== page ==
How can you write a book with twenty-four contributors, each coming from different historical and historiographical traditions and manifesting different levels of enthusiasm for and scepticism about the project?  Conceptual and methodological questions seemed to be resolved, and were then reopened. Conviviality played a large part in bringing people together. The plan, from the start, was to write a themed book, with each chapter having a lead author and a number of contributors who would provide material on the people and networks they knew, from the archives that were their hunting grounds. The second workshop, in Dublin, sketched out those themes. They included the trajectories of six individuals from as far apart as the Netherlands, Switzerland, Latvia, Italy, Romania and Palestine to join the International Brigades in Spain; the subsequent resistance careers of former International Brigaders and Spanish republicans who were driven out of Spain in 1939 and finished up in France, North Africa, Poland and the Soviet Union; the role of internment camps, prisons and POW camps in forging transnational resisters; the transition of some resisters from regular armies to irregular combat groups; transnational escape lines and the many dimensions of Jewish resistance and rescue; the role of agents of hybrid nationality behind enemy lines; transnational guerrillas, reinforced by deserters from the Italian army and Wehrmacht in the ‘shatter zones’ of the Balkans and the Eastern Front; the transnational facets of the liberation of Warsaw, Prague and Slovakia (yes, that too had transnational stories of escaped forced labourers and POWs ) and the postwar changing lives and memories of transnational resisters and transnational resistance.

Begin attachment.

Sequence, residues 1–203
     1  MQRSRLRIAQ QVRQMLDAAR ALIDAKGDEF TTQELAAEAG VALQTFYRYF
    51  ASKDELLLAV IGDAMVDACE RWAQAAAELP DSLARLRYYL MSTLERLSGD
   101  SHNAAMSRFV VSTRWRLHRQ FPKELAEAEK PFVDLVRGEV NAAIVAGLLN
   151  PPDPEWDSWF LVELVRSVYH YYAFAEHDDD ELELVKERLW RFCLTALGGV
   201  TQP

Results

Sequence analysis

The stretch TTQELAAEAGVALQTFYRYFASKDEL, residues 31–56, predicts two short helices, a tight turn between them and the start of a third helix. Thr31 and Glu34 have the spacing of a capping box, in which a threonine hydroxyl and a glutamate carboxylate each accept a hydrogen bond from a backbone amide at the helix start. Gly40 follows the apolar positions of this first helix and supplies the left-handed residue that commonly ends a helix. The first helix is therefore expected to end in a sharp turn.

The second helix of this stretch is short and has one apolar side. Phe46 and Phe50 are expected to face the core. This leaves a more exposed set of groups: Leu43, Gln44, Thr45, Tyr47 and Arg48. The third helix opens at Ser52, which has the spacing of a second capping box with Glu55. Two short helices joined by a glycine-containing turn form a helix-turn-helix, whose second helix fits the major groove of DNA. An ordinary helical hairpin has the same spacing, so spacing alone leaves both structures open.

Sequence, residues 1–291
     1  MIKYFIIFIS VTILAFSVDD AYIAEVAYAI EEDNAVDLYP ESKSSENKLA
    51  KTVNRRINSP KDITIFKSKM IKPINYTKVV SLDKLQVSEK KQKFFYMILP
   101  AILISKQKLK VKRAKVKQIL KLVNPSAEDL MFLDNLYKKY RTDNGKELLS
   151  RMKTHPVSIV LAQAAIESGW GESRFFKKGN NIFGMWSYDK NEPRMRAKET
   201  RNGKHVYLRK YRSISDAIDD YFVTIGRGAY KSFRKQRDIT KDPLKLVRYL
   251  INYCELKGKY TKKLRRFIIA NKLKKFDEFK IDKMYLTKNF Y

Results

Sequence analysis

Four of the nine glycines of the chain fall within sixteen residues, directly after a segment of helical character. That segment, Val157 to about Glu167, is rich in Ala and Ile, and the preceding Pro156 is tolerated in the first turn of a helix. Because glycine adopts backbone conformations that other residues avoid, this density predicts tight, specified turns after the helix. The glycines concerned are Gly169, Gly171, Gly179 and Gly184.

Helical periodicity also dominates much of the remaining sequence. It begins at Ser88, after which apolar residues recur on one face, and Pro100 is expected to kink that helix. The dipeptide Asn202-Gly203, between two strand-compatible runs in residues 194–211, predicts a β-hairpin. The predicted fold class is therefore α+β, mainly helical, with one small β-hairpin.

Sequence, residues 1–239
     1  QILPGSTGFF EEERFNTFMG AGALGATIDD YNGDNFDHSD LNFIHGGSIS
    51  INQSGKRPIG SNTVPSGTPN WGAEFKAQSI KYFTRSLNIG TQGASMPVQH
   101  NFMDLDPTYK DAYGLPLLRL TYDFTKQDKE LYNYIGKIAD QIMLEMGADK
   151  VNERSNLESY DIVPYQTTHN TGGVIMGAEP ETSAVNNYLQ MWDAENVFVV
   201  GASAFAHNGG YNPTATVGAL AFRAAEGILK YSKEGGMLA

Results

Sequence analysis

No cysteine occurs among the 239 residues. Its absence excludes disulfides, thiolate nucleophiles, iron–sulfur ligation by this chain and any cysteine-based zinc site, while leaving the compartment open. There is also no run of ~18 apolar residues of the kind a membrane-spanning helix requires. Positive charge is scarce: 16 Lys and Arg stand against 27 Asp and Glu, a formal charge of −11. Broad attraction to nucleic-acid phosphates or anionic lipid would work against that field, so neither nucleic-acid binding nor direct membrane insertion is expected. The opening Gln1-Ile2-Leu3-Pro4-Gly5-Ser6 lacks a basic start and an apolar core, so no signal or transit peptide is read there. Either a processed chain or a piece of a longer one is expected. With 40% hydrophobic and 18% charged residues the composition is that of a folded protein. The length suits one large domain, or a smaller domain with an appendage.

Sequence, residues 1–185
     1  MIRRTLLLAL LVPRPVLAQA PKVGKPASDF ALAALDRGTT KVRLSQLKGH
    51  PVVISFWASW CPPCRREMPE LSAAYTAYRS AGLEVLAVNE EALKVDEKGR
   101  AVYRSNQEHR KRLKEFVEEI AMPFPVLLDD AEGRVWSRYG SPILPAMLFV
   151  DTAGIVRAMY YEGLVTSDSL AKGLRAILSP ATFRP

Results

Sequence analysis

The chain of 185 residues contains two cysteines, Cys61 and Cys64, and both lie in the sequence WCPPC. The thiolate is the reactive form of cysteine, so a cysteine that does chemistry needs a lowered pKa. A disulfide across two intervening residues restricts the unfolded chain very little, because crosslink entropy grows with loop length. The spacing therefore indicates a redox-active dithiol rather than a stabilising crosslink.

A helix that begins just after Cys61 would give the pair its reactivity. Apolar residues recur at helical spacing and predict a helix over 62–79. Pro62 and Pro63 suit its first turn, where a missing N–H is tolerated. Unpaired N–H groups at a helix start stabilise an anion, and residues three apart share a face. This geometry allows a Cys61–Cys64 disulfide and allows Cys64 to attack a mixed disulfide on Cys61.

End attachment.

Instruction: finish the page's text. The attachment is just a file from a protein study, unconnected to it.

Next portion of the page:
The first workshop was held before the 2016 referendum and the book is published as the UK finally leaves the EU. But it is an enthusiastically European book. Not in a top-down, Brussels-centric way, but a bottom-up study of the adventures of extraordinary ordinary men and women who criss-crossed Europe to fight Nazism and Fascism. At the time, few were thanked for it. They were communists, Jews, foreigners, many of them all three. Arthur Koestler, who was one of them, called them ‘the scum of the earth’.  Their stories and their memories were overlain by national resistance myths, by Cold War exclusions and by a Holocaust history that privileged Jewish victims over Jewish fighters. It has been a challenge and a pleasure as a transnational group to recover their stories and to bring them to light.


Fighters across frontiers: Transnational resistance in Europe, 1936–48 (2020) is published by Manchester University Press


About the Author: Robert Gildea is Professor Emeritus of Modern History at the University of Oxford. Among his publications are Marianne in chains; in search of the German Occupation (Macmillan 2002), which won the Wolfson History Prize, and Fighters in the Shadows. A New History of the French Resistance (Faber & Faber, 2015). He is currently working on an oral history of the 1984-5 Miners Strike.